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A verdict that a patent was anticipated by a single prior art patent was reversed by the U.S. Court of Appeals for the Federal Circuit May 18 because the trial judge instructed the jury to determine what material had been incorporated by reference into the prior art patent and because anticipation hinged on what was incorporated ( Advanced Display Systems Inc. v. Kent State University, Fed. Cir., Nos. 99-1012 and 99-1013, 5/18/00). LCDs Since 1965, scientists at Kent State University’s Liquid Crystal Institute have been researching liquid crystal displays. Traditionally, LCDs were formed by combining liquid crystal materials and various polymers. These methods, however, were expensive and complex. In early 1992, Kent State started developing polymer-free LCDs that used cholestric visible materials. Cholestric visible materials, also referred to as chiral nematic materials, have the ability to align parallel to an applied field created by an electrical driver and to reflect light when so aligned. The invention led to U.S. Patent No. 5,453,863. COVER-UP Around the same time, Dr. Bao Gang Wu, a former student at Kent State’s Liquid Crystal Institute, formed Advanced Display Systems Inc. ADS, however, was unable to replicate Kent State’s LCD. Finally, in 1994 Dr. Zvi Yaniv, the president of a licensee of the ’863 patent, visited ADS. He brought with him a prototype of the new Kent State LCD. While Yaniv was at lunch with Wu, the vice president of ADS, Jiamini Gao, ordered a group of ADS engineers, including Victor Zhou, to quickly disassemble the prototype and photograph it. Within a month, ADS replicated Kent State’s LCD. Shortly thereafter, ADS filed a patent application which, after being narrowed to get around the ’863 patent, matured into U.S. Patent No. 5,625,477. After Kent State’s patent issued, ADS filed a declaratory action in the U.S. District Court for the Northern District of Texas. Kent State then filed suit against ADS for patent infringement, and the cases were consolidated into the instant case. At about the same time, ADS filed suit in Texas state court against another company for trade secret misappropriation. During discovery in that suit, Zhou’s deposition was taken and he testified forthrightly about the events surrounding Yaniv’s lunch and ADS’s attempt to replicate Kent State’s invention. ADS’s attorney, of the firm McKool Smith P.C., attempted to terminate the deposition and telephoned the judge to request a protective order, which the judge denied. The attorney then instructed the court reporter not to prepare a transcript of the deposition, and ADS quickly abandoned the suit. During discovery in the instant case, Kent State requested “all documents that refer to or relate to any evaluation, analysis, examination, testing, performance, or investigation of any light-modulating reflective device comprising [cholestric material] or any compound thereof made by KDS, the [Kent State Liquid Crystal Institute], or any third party.” ADS and its attorneys (again of McKool Smith P.C.) nevertheless failed to disclose Zhou’s deposition. They also failed to produce the photograph of Kent State’s prototype on the ground that it was attorney work product because, ADS later argued, it was a copy of the original photograph that was made by an attorney. DEPOSITION UNCOVERED In the middle of the trial, Kent State was apprised, through its own efforts, of the Zhou deposition and the photograph. Before having a chance to view the deposition, however, it called Zhou to the stand to testify about how ADS disassembled Kent’s prototype. The jury nevertheless held that Kent State’s patent was not infringed. It also held, after a long deadlock on the issue, that the patent was invalid as anticipated and obvious in light of the “Haas patent” in conjunction with documents incorporated therein by reference. Though Kent State objected, the magistrate judge provided the jury with only a general definition of “incorporation by reference” and did not tell the jury what had been incorporated. At no time did Kent State move for judgment as a matter of law. However, after obtaining the deposition transcript, it moved for a new trial based on the newly discovered evidence and ADS’s withholding of evidence. It also moved for sanctions against ADS’s attorneys, in the form of a new trial. The magistrate judge who presided over the trial denied Kent State’s motion for new trial. The magistrate judge found that Zhou’s deposition was merely cumulative to his testimony at trial and that Kent State was not prejudiced by the late discovery of evidence regarding disassembly of the prototype because Kent State was able to present that evidence to the jury. The magistrate judge also denied sanctions, but remarked that he was “deeply concerned” with the conduct of ADS’s attorneys and might consider disciplinary action. Kent State appealed. ANTICIPATION Kent State’s failure to move for a JMOL precluded the Federal Circuit from disturbing the jury’s factual findings, said Judge Arthur Gajarsa, writing for the court. Kent State, however, contended that the magistrate judge committed legal error by instructing the jury to determine what was incorporated by reference into the Haas patent. Anticipation, the court explained, requires that a single reference contain every element of the claimed invention. But material not explicitly contained in a single reference may still be considered for purposes of anticipation if it is incorporated by reference. To incorporate by reference, the host document must identify with detailed particularity what specific material it incorporates and clearly indicate where that material is found in the referenced document. Although anticipation is a question of fact, the court continued, incorporation by reference is a question of law. The factfinder’s role is to determine whether a single reference describes the claimed invention. If incorporation comes into play, the court’s role is to determine, with reference to the ordinary person of skill in the art standard, what material in addition to the host document constitutes the single reference. Here, the court said, the magistrate judge charged the jury with the task of determining what material was incorporated by reference. That error was prejudicial because ADS never contended that what was explicitly present in the Haas patent would alone anticipate Kent State’s patent. Anticipation hinged on the combination of the Haas patent and the material allegedly incorporated therein. The court thus remanded for a new trial on anticipation. OBVIOUSNESS Kent State also moved for a new trial on the basis of newly discovered evidence, namely, the Zhou deposition. Whether newly discovered evidence warrants a new trial, the Federal Circuit said, entails the following three-pronged analysis: (1) the probability that the evidence would have changed the outcome of the trial; (2) whether the evidence could have been discovered earlier through the moving party’s due diligence; and (3) whether the evidence is merely cumulative or impeaching. As for changing the outcome, the court said, this newly discovered evidence must be evaluated with reference to obviousness jurisprudence, i.e., the Graham factors and objective considerations. In that regard, Zhou’s deposition furnishes persuasive evidence that Kent State’s patent is nonobvious by describing ADS’s repeated failures to design the claimed invention until it obtained photographs of the prototype. Furthermore, Zhou stated that, even after obtaining the photographs, ADS was unable to design around Kent State’s invention. Failed attempts by others and wholesale copying of the invention by others are relevant to obviousness, the court held. This is especially true here where the jury was in equipoise on the issue of obviousness�this evidence could have been the tipping factor. The court went on to hold that Zhou’s deposition could not have been discovered earlier. (ADS failed to list Zhou as a person having knowledge.) It also held that the evidence was not merely cumulative or impeaching. Thus, it remanded for a new trial on obviousness. INFRINGEMENT Zhou’s deposition was also potentially outcome-determinative on the issue of infringement, the court held. Zhou, who possessed an intimate understanding of the similarities between ADS’s device and the claimed invention, stated in several different ways that the ADS device was based on Kent State’s. “Although not itself evidence of infringement, Zhou’s deposition is compelling evidence relating to infringement,” the court said. At the least, the evidence of copying supports infringement under the doctrine of equivalents. Furthermore, the court said, if Kent State possessed the Zhou deposition before trial, it “could have developed a different theory of the case and presented a more persuasive story at trial.” The court remanded for a new trial on infringement. SANCTIONS Kent State also appealed the magistrate judge’s denial of sanctions against ADS. The Federal Circuit reversed the denial and lambasted ADS and its attorneys:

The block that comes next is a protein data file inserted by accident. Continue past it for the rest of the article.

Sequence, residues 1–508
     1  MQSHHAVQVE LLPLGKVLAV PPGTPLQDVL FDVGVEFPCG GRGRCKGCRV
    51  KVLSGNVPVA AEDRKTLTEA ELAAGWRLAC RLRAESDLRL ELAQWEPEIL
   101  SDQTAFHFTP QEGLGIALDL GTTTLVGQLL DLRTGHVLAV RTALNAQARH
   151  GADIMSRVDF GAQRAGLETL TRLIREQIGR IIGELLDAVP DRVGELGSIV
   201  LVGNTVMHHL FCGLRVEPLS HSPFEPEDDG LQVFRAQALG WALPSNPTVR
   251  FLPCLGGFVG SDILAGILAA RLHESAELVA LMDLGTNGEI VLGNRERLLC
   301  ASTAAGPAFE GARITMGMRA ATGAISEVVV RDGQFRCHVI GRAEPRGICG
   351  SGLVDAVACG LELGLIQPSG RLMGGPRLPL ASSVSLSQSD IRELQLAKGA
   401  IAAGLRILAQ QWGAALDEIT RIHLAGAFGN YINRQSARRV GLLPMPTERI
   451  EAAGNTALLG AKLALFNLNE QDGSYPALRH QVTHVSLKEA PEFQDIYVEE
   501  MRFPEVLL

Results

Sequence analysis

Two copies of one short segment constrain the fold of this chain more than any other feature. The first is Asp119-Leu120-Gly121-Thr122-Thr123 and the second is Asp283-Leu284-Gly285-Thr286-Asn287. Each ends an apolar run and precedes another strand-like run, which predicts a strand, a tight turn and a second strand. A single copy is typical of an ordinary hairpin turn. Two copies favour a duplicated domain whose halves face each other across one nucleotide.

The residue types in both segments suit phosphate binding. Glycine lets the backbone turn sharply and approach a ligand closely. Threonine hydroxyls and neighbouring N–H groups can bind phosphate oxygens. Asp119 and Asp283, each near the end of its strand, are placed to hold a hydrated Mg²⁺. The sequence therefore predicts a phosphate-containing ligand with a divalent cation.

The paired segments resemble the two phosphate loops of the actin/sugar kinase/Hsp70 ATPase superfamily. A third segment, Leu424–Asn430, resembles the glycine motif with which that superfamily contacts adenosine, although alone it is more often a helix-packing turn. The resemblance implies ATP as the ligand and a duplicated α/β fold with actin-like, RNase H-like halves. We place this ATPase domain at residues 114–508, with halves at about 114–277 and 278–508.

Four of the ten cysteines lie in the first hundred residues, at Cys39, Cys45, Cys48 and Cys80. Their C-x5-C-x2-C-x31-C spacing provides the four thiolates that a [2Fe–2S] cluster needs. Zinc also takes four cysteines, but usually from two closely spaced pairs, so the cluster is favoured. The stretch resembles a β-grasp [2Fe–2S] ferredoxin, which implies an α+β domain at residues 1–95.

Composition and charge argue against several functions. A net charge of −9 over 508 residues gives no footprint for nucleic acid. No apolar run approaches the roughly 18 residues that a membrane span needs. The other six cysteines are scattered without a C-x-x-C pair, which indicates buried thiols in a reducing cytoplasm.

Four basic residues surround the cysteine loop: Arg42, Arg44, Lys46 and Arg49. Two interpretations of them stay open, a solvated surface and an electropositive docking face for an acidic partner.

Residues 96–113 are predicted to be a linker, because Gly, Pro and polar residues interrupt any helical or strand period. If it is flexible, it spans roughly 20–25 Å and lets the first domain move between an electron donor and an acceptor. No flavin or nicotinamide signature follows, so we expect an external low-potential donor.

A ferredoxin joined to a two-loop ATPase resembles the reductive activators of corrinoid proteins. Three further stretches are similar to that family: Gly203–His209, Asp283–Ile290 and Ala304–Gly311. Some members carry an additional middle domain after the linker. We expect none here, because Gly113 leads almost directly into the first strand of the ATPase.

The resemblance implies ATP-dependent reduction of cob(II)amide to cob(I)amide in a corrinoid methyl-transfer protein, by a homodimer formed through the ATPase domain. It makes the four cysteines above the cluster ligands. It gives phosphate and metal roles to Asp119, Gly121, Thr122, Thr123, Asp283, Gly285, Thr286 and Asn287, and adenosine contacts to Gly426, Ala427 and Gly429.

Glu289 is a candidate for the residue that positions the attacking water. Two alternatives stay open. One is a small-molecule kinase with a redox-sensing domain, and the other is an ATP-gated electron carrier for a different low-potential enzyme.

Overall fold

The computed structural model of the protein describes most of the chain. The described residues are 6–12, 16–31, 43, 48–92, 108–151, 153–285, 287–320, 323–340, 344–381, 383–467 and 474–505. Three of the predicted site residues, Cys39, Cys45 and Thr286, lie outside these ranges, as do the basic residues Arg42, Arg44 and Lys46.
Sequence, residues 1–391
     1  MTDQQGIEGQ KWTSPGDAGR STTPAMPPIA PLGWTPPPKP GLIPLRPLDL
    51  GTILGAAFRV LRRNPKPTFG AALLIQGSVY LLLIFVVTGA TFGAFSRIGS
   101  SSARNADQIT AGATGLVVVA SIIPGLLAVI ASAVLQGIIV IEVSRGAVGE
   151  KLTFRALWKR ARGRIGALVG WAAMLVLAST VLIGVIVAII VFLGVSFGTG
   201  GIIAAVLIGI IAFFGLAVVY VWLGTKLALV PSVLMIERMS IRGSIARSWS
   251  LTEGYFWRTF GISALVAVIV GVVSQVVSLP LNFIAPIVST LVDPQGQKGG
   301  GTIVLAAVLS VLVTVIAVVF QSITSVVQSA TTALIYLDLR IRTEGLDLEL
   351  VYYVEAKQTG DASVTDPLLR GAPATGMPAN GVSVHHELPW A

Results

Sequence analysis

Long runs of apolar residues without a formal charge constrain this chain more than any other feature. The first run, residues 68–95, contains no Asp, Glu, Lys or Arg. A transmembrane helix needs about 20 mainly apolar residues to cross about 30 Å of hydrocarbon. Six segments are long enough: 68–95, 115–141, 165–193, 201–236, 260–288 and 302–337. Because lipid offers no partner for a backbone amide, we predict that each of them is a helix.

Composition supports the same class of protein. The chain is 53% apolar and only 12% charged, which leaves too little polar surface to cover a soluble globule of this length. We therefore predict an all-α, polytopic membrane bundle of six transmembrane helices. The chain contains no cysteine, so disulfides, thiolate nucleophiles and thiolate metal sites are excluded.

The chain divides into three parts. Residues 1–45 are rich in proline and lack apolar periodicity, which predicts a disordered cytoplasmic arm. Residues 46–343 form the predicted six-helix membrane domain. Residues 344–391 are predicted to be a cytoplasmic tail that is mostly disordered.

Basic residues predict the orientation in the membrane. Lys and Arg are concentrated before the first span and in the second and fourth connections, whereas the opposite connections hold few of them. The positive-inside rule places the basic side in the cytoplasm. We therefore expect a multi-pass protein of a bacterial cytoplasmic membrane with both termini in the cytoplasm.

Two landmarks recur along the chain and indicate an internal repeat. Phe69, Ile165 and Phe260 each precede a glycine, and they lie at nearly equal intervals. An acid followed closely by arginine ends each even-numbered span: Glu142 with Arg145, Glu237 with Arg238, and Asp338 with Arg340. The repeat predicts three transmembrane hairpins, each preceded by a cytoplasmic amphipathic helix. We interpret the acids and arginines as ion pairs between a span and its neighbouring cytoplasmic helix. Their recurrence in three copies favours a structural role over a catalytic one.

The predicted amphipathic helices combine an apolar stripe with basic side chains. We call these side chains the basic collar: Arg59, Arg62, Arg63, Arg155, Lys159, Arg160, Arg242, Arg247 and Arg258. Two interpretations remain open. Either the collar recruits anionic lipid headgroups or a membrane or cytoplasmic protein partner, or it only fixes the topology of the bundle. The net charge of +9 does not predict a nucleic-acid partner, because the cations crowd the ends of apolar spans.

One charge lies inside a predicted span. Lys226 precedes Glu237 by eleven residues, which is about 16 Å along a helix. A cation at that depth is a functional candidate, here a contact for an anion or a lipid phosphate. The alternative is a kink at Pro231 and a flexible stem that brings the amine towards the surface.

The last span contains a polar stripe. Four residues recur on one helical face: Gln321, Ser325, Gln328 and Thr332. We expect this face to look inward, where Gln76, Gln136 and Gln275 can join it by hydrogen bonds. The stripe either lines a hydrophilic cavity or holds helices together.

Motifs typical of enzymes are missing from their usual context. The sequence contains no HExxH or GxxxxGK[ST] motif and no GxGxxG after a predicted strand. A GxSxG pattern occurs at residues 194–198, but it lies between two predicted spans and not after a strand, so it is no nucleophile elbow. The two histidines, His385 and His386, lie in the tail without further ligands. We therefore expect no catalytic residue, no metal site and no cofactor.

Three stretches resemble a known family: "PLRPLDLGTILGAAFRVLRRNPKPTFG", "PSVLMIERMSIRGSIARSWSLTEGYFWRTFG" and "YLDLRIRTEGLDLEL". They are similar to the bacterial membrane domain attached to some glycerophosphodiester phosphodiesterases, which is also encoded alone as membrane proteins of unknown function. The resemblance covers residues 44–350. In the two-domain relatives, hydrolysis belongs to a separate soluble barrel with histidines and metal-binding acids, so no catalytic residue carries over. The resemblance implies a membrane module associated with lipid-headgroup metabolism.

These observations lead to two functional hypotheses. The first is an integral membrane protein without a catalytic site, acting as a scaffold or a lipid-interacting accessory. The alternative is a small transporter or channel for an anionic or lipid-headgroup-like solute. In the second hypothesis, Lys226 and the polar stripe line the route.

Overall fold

From the record below, it appears to this court that ADS’s development of its LCD technology consisted of deceitful and conniving machinations that amounted to nothing short of corporate espionage of a competitor’s valuable technology. Regretfully, the conduct of ADS’s counsel in defending such actions was equally egregious. Indeed, to say that counsel’s conduct during discovery raises the collective eyebrow of this court would be to understate the severity of their transgressions.

In what may have been its most egregious discovery ploy, the court said, ADS’s counsel characterized the photograph of Kent State’s prototype as attorney work product, even though the photograph was taken by an ADS employee years before this litigation. When asked to justify listing the photograph on the privilege log, the court continued, ADS’s counsel responded that the original photograph was photocopied by an attorney. “This court, however, is unable to find any legal principle that even remotely supports the notion that an otherwise discoverable document alchemically metamorphisizes into privileged work product simply because an attorney photocopies it.” The court encouraged the magistrate judge to follow through on his concern about ADS’s counsel’s conduct and consider imposing sanctions beyond granting a new trial.